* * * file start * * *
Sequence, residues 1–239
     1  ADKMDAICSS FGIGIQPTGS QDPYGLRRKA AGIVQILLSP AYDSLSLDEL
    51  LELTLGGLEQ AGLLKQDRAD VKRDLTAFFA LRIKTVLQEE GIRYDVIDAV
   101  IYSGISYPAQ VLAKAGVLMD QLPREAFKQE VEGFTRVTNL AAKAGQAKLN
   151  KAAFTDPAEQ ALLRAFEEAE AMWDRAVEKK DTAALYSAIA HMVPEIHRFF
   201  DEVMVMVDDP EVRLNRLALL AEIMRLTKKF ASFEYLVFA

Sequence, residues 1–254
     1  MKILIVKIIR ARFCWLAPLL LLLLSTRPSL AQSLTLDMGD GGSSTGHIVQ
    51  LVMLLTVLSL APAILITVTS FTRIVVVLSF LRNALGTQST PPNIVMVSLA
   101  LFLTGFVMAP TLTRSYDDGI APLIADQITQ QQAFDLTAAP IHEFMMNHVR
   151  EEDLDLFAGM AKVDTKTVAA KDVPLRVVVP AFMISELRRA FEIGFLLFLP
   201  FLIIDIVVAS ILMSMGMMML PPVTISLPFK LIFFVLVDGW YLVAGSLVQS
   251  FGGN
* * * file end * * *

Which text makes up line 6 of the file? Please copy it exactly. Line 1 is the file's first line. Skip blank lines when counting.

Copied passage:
   201  DEVMVMVDDP EVRLNRLALL AEIMRLTKKF ASFEYLVFA